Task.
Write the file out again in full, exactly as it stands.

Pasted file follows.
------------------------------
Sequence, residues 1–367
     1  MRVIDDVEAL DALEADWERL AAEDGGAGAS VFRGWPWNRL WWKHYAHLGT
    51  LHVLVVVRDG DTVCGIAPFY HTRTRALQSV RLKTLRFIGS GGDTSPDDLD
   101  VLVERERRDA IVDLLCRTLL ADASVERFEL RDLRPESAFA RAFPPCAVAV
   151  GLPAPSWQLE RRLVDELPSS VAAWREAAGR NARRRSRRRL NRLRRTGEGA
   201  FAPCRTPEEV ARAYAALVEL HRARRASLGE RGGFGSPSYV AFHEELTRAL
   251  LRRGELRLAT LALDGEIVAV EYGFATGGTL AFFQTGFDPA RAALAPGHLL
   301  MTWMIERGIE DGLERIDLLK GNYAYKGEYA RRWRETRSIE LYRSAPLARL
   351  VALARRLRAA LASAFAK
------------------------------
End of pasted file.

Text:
Sequence, residues 1–367
     1  MRVIDDVEAL DALEADWERL AAEDGGAGAS VFRGWPWNRL WWKHYAHLGT
    51  LHVLVVVRDG DTVCGIAPFY HTRTRALQSV RLKTLRFIGS GGDTSPDDLD
   101  VLVERERRDA IVDLLCRTLL ADASVERFEL RDLRPESAFA RAFPPCAVAV
   151  GLPAPSWQLE RRLVDELPSS VAAWREAAGR NARRRSRRRL NRLRRTGEGA
   201  FAPCRTPEEV ARAYAALVEL HRARRASLGE RGGFGSPSYV AFHEELTRAL
   251  LRRGELRLAT LALDGEIVAV EYGFATGGTL AFFQTGFDPA RAALAPGHLL
   301  MTWMIERGIE DGLERIDLLK GNYAYKGEYA RRWRETRSIE LYRSAPLARL
   351  VALARRLRAA LASAFAK